Computerised IP decision-making: Dream or reality?

Article  \  27 Aug 2018

Imagine how interesting (or daunting) it would be if a patent decision was made using computer programs. Well, that may soon be a reality in Australia.

On 28 March 2018, the Intellectual Property Laws Amendment (Productivity Commissions Response Part 1 and Other Measures) Bill 2018 (‘the Bill‘) was introduced to the House of Representatives. The Bill is currently before the Australian parliament for consideration.

Schedule 2 of the Bill will implement a number of measures to streamline and align the administration of the Australian IP system, and will implement a number of other IP law measures.

Schedule 2, Part 5 of the Bill relates to ‘computerised decision-making’ by IP Australia (although it is expected to be for cases where little or no human judgment is required). Specifically, this section of the Bill introduces number of amendments to the Patents Act, Designs Act, Plant Breeder’s Rights Act, and Trade Marks Act in order to enable the Commissioner and the Registrars to arrange for a computer program under their control to make decisions, exercise powers and comply with obligations under the legislation. If the Commissioner and Registrars are satisfied that the decision is incorrect, it also gives them the power to substitute any automated decision.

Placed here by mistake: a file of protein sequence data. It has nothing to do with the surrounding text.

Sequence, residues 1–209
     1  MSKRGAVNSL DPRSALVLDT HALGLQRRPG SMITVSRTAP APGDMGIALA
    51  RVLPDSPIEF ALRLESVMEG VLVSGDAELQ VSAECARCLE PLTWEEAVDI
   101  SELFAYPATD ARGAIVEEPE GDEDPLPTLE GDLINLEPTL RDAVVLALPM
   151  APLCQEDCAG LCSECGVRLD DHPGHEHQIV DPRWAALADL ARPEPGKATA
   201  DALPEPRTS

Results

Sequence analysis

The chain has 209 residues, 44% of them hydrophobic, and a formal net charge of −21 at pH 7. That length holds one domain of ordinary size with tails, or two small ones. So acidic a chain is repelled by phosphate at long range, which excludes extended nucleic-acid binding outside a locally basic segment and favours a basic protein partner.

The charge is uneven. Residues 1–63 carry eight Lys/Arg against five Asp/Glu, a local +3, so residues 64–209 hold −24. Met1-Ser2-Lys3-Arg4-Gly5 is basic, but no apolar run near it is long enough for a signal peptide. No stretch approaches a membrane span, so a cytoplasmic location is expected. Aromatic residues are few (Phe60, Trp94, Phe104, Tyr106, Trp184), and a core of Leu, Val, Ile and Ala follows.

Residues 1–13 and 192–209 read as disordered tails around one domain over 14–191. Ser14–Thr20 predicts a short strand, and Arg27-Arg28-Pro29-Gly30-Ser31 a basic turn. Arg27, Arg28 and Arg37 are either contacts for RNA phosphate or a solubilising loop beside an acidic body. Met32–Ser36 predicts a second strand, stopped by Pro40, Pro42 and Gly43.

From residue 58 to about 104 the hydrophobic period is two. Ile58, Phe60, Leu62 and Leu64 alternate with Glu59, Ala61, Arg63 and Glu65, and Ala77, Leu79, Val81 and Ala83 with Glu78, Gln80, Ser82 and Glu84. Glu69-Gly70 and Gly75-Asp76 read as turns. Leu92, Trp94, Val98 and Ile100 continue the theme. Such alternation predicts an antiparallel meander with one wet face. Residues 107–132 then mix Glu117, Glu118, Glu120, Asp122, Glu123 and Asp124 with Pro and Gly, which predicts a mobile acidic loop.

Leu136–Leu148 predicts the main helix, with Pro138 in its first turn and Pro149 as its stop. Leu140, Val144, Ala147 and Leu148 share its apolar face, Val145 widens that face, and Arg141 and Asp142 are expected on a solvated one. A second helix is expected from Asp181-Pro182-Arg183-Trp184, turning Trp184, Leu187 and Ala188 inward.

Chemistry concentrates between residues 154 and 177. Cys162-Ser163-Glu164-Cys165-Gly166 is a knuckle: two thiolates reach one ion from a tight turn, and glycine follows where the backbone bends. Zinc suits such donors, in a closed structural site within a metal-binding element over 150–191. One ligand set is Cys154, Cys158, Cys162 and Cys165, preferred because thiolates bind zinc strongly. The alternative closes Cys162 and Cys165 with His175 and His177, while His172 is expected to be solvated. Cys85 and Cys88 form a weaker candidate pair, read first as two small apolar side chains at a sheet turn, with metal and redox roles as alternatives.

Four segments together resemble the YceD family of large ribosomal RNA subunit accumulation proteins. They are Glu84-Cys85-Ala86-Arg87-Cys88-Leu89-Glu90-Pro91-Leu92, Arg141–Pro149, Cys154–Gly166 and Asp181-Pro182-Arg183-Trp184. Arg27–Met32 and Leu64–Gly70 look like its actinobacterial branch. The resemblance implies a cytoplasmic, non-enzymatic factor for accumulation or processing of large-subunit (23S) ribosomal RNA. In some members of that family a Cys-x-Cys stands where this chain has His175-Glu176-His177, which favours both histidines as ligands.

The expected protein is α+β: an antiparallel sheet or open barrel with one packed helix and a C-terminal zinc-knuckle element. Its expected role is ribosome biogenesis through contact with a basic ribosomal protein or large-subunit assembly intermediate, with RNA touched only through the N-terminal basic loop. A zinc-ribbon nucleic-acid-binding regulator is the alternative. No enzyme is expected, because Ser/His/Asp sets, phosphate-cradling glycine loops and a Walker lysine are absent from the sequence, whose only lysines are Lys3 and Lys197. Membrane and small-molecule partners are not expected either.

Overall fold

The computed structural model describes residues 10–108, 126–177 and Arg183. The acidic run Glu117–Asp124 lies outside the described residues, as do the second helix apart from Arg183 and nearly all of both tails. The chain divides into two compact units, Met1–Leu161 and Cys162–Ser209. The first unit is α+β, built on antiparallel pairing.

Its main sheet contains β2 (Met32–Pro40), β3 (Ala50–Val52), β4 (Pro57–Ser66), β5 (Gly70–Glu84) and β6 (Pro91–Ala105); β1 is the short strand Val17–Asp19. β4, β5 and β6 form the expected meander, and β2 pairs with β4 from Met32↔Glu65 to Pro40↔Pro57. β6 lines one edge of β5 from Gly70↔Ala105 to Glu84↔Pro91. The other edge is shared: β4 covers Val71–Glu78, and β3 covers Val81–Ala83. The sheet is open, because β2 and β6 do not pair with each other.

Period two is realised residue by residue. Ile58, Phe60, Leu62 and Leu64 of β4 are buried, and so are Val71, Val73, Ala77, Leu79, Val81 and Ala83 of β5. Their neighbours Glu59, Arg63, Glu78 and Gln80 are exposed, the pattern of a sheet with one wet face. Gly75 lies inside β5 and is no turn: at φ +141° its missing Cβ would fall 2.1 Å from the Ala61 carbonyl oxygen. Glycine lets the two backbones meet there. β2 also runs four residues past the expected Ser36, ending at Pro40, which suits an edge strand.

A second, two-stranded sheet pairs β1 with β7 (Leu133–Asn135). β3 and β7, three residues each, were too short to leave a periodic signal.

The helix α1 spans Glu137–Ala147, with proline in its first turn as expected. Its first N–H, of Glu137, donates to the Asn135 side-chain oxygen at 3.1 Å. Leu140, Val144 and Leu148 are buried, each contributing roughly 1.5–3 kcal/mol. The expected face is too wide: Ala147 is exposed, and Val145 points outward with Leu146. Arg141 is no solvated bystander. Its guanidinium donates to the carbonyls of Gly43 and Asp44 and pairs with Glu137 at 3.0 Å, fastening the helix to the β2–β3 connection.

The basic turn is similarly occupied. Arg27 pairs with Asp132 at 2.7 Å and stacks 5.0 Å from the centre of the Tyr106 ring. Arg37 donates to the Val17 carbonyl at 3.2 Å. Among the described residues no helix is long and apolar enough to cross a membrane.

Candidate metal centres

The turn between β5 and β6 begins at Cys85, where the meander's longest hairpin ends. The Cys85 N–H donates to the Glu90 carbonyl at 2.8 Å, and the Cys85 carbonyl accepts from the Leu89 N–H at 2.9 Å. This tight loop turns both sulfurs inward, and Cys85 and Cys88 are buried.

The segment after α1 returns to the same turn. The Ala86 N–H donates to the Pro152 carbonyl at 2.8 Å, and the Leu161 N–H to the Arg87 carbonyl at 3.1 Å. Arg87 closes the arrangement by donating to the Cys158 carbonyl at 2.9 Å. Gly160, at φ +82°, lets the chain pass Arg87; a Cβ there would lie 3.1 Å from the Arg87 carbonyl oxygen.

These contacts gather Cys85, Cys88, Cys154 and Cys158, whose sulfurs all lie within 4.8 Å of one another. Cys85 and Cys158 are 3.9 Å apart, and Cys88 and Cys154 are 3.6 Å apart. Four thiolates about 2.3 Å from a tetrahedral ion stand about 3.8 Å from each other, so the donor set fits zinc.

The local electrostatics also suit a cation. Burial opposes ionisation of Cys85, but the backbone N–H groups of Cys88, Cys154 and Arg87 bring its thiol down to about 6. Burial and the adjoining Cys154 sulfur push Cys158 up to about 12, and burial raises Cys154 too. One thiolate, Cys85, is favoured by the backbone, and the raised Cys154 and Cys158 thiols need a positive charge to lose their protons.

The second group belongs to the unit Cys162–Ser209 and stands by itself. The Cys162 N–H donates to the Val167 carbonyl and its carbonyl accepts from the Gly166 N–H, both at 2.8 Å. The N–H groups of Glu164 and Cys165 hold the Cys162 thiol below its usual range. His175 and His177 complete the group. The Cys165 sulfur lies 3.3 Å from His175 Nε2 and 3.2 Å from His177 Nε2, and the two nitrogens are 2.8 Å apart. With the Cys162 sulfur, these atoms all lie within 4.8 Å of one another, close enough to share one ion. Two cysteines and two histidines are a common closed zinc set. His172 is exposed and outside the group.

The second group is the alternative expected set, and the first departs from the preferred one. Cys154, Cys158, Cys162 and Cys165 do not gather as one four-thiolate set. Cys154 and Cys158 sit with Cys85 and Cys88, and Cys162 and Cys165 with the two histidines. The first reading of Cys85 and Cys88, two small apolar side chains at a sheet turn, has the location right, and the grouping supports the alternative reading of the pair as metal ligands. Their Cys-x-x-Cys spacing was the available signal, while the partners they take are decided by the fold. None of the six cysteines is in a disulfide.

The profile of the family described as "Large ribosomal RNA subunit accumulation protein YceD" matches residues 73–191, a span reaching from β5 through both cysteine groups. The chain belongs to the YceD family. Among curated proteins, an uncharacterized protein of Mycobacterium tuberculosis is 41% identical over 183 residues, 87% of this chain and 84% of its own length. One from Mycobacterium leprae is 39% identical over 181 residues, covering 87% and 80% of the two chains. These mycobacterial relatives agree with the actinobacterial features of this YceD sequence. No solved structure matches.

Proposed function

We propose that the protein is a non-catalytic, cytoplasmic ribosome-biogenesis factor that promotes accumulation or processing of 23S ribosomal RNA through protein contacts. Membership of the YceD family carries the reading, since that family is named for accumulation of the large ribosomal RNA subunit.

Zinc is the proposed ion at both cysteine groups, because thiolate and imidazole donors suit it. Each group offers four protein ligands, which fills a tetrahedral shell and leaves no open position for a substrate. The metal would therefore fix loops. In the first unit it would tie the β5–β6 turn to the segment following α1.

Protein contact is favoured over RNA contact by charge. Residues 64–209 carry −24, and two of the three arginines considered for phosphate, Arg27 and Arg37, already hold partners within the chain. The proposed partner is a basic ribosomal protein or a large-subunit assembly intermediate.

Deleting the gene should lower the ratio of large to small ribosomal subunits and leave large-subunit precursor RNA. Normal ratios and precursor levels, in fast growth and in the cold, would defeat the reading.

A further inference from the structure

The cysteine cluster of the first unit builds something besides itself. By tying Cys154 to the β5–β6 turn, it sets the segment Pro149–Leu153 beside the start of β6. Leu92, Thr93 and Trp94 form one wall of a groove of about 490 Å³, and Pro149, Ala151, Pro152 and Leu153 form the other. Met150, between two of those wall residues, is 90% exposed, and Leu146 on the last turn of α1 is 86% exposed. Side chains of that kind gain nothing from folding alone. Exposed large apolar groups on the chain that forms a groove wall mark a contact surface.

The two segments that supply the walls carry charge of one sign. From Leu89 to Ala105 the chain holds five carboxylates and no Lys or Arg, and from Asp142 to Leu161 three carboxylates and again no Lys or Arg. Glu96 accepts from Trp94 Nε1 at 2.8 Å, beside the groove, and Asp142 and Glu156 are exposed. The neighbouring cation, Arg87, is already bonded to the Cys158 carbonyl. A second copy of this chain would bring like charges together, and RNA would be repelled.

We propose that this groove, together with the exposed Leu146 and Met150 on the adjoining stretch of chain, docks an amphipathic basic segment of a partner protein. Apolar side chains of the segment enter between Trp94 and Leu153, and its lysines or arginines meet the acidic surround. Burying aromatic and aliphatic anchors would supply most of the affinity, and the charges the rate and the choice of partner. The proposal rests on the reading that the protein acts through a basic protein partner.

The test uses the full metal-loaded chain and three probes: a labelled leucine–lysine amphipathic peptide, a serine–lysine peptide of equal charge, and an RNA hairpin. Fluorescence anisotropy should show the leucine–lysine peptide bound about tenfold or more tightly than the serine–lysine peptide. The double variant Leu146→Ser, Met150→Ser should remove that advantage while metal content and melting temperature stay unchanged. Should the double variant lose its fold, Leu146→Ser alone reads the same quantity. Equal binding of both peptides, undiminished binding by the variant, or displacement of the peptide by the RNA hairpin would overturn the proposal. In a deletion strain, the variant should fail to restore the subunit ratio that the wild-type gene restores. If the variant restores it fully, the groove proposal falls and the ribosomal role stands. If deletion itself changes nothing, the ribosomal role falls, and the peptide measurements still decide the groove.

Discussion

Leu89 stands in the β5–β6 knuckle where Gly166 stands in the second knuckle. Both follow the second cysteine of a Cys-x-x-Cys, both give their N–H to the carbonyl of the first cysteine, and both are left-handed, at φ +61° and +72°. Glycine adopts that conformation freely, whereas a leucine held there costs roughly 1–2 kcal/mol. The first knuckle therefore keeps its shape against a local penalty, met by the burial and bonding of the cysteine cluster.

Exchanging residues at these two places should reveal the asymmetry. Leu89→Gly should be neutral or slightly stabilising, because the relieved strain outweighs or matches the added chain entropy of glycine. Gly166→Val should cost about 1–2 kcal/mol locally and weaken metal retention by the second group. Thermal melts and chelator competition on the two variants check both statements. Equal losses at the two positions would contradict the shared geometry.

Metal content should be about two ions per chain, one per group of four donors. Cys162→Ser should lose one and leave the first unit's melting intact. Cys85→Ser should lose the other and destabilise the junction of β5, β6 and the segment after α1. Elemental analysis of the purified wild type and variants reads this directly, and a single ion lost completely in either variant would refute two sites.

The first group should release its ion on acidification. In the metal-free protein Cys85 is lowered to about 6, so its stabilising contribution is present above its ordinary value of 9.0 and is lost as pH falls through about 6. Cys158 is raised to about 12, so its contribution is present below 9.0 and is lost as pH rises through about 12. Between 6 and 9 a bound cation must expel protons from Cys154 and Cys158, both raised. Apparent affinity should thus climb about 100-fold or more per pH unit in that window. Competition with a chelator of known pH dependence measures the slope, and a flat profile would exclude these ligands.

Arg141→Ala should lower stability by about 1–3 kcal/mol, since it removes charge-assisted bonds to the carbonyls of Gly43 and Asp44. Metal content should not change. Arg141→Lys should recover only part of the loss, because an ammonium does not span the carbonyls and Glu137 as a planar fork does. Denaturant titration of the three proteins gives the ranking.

In terms of computerised decision-making, the table below summarises the main provisions and the specific part of each legislation for enacting those provisions:

Provisions Australian Patents Act 1990 Australian Designs Act 2003 Australian Plant Breeder's Rights Act 1994 Australian Trade Marks Act 1995
To enable the Commissioner/Registrar to use computer programs for any purposes for which he/she may, or must, make a decision, exercise any power or comply with any obligation, or do anything related to these actions. Where the Commissioner/Registrar uses a computer program for these purposes, he/she is taken to have made the decision, exercised the power or complied with the obligation. The action is to be treated in the same way as any similar action performed normally by the Commissioner/Registrar or a delegate of the Commissioner/Registrar. New section 223A  New section 135A New section 76B  New section 222A
To enable the Commissioner/Registrar to substitute a new decision for a decision made by a computer if he/she is satisfied that the decision made by the operation of the computer was incorrect. New section 223A(3) New section 135A(3) New subsection 76B(3) New subsection 222A(3)
To provide that a person may apply to the Administrative Appeals Tribunal (AAT) for review of a substituted decision if the person may apply to the AAT for review of the initial decision. Amended section 224 Amended section 136 Amended section 77 New subsection 222A(4)


According to the explanatory memorandum accompanying the legislative amendments, the administration of the Acts and Regulations currently require the Commissioner and Registrars to make a large number of decisions ranging from simple decisions requiring no discretion to complex decisions requiring judgement to be exercised. Currently, such tasks are delegated to employees of IP Australia.

The explanatory memorandum then mentions that the use of computerised and computer-assisted decision-making will improve the timeliness and accuracy of decision-making and enable staff to deal with more complicated matters.